For more information, call (310) 285-3317.

Good as Gold

Beverly Hills-based Stanley P. Gold, the president and CEO of the Burbank-based Shamrock Holdings, Inc., has been in the news a lot lately since he and his longtime ally, Roy Disney, recently resigned from the board of directors of The Walt Disney Co.

But even without his Disney credentials, Gold is still a very influential figure in the Jewish community. On Dec. 4, he was one of the honorees at the Israel Policy Forum's (IPF) 10th Anniversary Dinner in New York, where New York Times columnist Thomas Friedman delivered the keynote address. Friedman spoke about what America should do to salvage the Israeli-Palestinian peace process. Stephen P. Cohen, IPF national scholar and diplomat, and David Makovsky, senior fellow and director of the Middle East Peace Project at the Washington Institute for Middle East Policy, also addressed the crowd.

The IPF also honored Seymour D. Reich, senior partner at Gallet Dreyer & Berkey, LLP and psychologist Yaffa Martitz and offered special recognition to both Lord Michael Levy, who acts as a personal envoy and adviser on the Middle East to Prime Minister Tony Blair, and Lady Gilda Levy, who is active in education, public affairs and the Jewish community in Great Britain.

Vive La Veterans!

There are more than 30 veterans of the armed forces living in the Jewish Home for the Aging (JHA), and on Nov. 11, Veteran's Day, the JHA saluted them in a special presentation of drama and song in its main dining room. The event was far from somber, and it uncovered some hitherto undiscovered nonagenarian talent -- 96-year-old Grandma Rapper, a.k.a. Lee Glanzer, who rapped "Gunner Jim's Rap Poem."

Other highlights included Dorothy Scott, 80, who read "Thank You Dear Dad," World War II letters from a daughter, and the JHA's men's glee club (which includes four veterans) sang a variety of service songs, including "Mariner's Hymn," "Anchors Away," "The Caissons Go Rolling Along" and "My Country 'Tis of Thee."

Play It Again, Shlomo

For people who love Jewish music, the late Shlomo Carlebach is a legend. He composed hundreds of songs that have become such an entrenched part of the synagogue liturgy that it would be almost impossible to imagine davening without them. His warm and embracing approach to Judaism inspired thousands to become more in touch with their religion.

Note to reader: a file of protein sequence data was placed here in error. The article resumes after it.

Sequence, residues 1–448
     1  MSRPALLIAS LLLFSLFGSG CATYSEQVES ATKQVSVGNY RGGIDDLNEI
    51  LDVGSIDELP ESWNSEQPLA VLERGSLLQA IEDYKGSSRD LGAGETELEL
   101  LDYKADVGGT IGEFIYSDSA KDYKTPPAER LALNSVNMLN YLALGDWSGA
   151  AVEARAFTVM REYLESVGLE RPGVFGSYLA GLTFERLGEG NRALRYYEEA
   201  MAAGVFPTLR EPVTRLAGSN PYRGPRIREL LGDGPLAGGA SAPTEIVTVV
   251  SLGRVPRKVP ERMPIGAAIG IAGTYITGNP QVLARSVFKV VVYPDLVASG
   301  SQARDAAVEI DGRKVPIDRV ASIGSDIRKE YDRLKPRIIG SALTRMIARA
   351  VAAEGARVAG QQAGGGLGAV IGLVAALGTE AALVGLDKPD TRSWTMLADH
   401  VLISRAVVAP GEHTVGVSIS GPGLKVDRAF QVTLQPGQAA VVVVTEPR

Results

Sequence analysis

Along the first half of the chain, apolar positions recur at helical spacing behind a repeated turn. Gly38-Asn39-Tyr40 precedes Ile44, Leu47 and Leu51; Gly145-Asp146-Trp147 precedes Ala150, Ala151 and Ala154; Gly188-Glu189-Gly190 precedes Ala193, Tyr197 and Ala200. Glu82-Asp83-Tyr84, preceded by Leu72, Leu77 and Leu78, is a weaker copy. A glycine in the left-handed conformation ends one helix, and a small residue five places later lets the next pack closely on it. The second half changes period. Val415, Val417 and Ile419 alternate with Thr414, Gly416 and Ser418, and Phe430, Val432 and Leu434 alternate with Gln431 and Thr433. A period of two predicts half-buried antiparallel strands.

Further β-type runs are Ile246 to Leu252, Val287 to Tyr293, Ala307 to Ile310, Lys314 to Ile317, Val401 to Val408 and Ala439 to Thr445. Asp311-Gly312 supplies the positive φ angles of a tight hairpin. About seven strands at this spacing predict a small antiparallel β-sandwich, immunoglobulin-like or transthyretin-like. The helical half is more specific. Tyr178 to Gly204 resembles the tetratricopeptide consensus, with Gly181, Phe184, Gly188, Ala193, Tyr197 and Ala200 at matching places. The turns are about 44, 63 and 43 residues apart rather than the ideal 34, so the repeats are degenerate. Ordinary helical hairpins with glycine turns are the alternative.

On Nov. 22, the Happy Minyan -- Los Angeles' own Carlebach-style minyan, held its ninth annual Memorial Concert in Honor of Shlomo Carlebach in the main sanctuary at Congregation Beth Jacob. The cream of Los Angeles' musical talent performed, including the Moshav Band, the Happy Minyan Band, Avshalom Katz, Sam Glaser, Neil Seidel, Gregg Fisher, Yedidyah Blanton with Phil "P.F." Sloan, Yisroel Koch and Etan G., the Jewish Rapper. The music managed to fire everyone up -- at several points in the night there was dancing in the aisles going on.

A number of guest speakers, including David Sacks, Stuart Wax, Darlene Rose, Rachel Espana and Olivia and Shlomo Schwartz (a.k.a. Schwartzie), shared their memories of Carlebach with the crowd.

'Tis the Season

'Tis the season to be giving and to feed the homeless, says West Coast Chabad Lubavitch, which teamed up with the Hard Rock Cafe in Los Angeles on Thanksgiving to feed hundreds of homeless people.

Chabad brought in kosher food and koshered the service line in the kitchen, while the Hollywood Food Coalition bused in people from shelters all over Los Angeles. Volunteers from the Chabad Drug Treatment Center came to help serve and clean.

Rabbi Shimon Kashani and his wife, Vered, of the Southern California Jewish Center also got into in the giving spirit by joining forces with the annual Thanksgiving Food Basket Distribution Program provided by the 98th Street Community Youth Organization and donating more than 50 turkeys to needy families in South Los Angeles. And, to make Thanksgiving even sweeter for those families, Kashani also donated cars.

"This outreach is our new annual venture to bridge together the regional, social and ethnic groups in this city, with the thought that if we begin at home, we can bring the message to all," Kashani said. "There is much wisdom and knowledge to be shared between our communities and the Southern California Jewish Center has taken this first step to reach out to the inner city."